Wheel spin isn't something one 'tries' to do with an electric, it just me. In drag racing, when the lights say 'go' and you tromp down hard, even with wrinkle wall drag slicks, wheel spin is a constant problem with electrics.

reference: Clutches...Tearing up car?


In the past vehicles used simple contactor switches. You pushed it with your foot to go ahead, then let off to slow down. Many forklifts operated this way. Push, let up, push again. A more sophisticated way is to use multiple contactors at different voltage levels. This could give you slowest, slower, slow, med, fast, faster and fastest (for example). If you have a dozen 12V batteries, you could apply 24V, 48V, 72V, 96V or 120V to the motor to get different 'speeds'.

But nowadays, the pulse-width-modulated electronic 'Controller' is the way to go. It give you control over the car similar to a regular accelerator pedal.

  • Zilla 1K, popular for typical conversion
  • Zilla 2K, high performance and racing
  • Curtiss, the big name in electric power commercial vehicles


In addition to the regular body & chassis maintenance common to any Datsun 1200, these are important to an electric:

  • Tire pressure, critically to using less power
  • DC motor brushes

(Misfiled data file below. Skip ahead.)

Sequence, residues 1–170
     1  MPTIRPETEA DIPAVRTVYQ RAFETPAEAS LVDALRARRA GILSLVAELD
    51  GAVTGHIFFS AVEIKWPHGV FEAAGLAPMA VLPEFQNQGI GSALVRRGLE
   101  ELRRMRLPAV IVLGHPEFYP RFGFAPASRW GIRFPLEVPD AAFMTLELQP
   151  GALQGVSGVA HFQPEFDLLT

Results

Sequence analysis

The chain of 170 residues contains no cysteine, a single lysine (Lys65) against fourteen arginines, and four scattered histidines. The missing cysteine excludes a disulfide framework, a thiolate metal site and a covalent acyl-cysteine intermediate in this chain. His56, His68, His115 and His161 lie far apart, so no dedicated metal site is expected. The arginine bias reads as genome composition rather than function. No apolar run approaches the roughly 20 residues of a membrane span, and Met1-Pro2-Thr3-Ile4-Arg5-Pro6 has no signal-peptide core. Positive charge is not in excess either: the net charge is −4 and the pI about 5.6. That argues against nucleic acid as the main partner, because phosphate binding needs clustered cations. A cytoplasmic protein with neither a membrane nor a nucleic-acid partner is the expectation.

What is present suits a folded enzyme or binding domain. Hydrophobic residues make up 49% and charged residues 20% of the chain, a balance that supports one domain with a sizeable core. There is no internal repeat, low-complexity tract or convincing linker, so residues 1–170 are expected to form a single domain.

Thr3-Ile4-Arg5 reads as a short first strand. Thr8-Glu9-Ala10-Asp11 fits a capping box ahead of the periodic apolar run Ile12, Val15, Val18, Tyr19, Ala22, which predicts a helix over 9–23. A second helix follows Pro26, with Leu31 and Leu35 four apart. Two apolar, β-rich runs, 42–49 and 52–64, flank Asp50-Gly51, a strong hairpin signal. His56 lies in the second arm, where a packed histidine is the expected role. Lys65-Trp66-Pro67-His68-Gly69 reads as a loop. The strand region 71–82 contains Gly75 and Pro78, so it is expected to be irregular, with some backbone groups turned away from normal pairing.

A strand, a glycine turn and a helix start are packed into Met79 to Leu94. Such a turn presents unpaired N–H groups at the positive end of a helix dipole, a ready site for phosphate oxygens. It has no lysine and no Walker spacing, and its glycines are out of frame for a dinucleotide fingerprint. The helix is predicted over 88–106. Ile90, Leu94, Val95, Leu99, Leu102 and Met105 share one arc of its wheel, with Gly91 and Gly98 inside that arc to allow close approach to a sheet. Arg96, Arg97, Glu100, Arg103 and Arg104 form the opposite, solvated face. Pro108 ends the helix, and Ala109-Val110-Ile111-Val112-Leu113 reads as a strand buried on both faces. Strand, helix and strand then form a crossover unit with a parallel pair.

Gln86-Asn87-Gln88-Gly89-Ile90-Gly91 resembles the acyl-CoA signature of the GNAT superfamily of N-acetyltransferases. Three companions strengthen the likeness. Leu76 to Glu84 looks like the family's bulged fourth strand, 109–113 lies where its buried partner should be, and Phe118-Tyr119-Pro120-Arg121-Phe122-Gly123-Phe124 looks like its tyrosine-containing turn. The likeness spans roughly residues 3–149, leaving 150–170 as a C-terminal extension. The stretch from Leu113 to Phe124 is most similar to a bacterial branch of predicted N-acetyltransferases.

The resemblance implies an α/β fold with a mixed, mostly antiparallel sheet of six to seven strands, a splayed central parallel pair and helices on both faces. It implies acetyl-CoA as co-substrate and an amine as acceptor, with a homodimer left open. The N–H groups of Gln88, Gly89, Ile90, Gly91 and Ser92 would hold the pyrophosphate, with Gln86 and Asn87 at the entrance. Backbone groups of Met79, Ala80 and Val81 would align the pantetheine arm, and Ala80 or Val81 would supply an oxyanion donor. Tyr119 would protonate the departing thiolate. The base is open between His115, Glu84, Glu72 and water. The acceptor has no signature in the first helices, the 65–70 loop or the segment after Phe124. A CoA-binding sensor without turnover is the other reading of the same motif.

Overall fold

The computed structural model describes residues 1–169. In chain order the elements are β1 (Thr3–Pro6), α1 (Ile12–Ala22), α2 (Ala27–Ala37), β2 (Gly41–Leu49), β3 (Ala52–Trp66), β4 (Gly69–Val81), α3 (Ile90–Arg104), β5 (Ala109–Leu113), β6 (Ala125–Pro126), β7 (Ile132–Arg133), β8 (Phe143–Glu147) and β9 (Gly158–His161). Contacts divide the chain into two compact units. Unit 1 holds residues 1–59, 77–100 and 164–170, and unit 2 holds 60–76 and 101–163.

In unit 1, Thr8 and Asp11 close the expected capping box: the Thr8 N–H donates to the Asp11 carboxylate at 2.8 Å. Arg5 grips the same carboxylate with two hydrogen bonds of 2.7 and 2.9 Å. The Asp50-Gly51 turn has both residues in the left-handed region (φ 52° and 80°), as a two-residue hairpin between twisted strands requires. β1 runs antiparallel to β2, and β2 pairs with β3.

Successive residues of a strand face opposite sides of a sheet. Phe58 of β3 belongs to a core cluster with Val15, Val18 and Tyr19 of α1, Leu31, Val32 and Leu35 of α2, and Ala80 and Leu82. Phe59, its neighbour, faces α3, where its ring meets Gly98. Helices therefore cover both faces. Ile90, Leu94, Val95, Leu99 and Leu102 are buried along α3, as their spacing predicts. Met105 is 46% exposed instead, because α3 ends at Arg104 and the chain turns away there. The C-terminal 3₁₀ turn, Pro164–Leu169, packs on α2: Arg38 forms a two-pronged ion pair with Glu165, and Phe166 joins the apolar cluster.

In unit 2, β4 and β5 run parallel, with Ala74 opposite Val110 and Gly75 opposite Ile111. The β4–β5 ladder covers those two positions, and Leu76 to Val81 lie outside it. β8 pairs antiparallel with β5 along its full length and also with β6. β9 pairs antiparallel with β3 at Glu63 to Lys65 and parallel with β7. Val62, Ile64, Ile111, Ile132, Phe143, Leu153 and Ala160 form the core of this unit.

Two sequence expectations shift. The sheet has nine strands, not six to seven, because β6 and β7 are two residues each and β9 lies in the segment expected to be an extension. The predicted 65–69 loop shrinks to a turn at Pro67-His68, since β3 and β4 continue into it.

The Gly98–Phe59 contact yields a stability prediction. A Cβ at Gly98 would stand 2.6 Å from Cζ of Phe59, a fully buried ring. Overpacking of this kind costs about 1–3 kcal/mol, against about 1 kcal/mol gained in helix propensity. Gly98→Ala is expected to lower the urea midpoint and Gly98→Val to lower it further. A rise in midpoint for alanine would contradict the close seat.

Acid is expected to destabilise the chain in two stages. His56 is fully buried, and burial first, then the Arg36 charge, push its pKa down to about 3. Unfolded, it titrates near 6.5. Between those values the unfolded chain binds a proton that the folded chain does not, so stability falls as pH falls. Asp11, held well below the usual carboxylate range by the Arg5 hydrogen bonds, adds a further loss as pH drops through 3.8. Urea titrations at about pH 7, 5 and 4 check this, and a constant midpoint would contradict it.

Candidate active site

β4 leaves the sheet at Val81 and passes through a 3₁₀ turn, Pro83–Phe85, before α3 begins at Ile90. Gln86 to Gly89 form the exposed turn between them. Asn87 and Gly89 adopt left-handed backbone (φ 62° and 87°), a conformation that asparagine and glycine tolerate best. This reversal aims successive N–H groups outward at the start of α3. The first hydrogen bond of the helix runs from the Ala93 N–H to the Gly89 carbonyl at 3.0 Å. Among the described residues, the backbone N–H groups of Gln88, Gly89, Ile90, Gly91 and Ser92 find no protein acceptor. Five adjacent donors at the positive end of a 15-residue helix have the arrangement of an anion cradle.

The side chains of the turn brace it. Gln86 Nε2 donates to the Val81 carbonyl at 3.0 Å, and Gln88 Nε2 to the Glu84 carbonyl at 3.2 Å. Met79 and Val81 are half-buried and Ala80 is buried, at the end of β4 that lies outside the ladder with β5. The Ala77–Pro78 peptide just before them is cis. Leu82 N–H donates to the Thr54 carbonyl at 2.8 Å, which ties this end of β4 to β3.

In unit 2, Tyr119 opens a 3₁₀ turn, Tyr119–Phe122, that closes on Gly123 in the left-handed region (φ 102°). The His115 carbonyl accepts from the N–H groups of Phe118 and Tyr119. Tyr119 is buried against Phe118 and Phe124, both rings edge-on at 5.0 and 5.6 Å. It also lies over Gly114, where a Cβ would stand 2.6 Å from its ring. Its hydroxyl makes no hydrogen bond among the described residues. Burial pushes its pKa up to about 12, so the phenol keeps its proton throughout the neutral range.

• Battery pack maintenance.
    • Measure voltage of each cell. Voltage at each battery. Voltage of the pack.
    • Keep a trickle charger on if not driving the car regularly.
    • Monitor heat of the batteries.

Keeping the batteries at the right temperature is important. Lead acid likes about 120F degrees. With any kind of battery, if they get too hot they don't charge correctly. Using a fan on the battery box may be needed. For winter, keeping a heat pad on the batteries may be necessary.


Of course the standard Datsun 1200 speedometer will be handy for measuring road speed. The other 'necessary' gauge is the motor Amp meter.

Generally you want to measure power at the Motor, and also at the Battery Pack. Ideally some monitoring of each individual battery and supply is nice. This can however be done by circuitry so having a gauge for the driver is nice but not necessary.

A single E-meter can monitor many modes of indications of the battery pack, from AH, Wthr, battery ampere, battery volts, temperature, time remaining, etc, and can download the status that is stored to a PC. Alternatively it is useful to have dedicated standalone gauges for certain things.

  • The motor amp meter (ammeter) is the most important gauge, you do not want to exceed the rating of the motor, or pull more amps out of batteries than they can handle.
  • Motor RPM, so you know when to shift gears. Alternatively you can watch the motor amps and shift when the motor start taking reduced amps
  • Battery amps: This amp meter so you stay at or below the amp rating of the battery or you may melt the battery post
  • Volt meter, which tells you how low you can go with the battery voltage
  • Invertor. If you have an invertor to supply AC power, put gauges on it too.
  • DC-DC convertor. If you have a convertor to go from Pack voltage down to 12V to drive accessories, put some gauges there too.

A vacuum gauge is not needed on a 1200, since there are no vacuum powered systems on a 1200 (other than emission controls)

Water temperature gage for the water cooling unit for the controller (it used).

Motor thermo switch indicator

Charger input and output meters.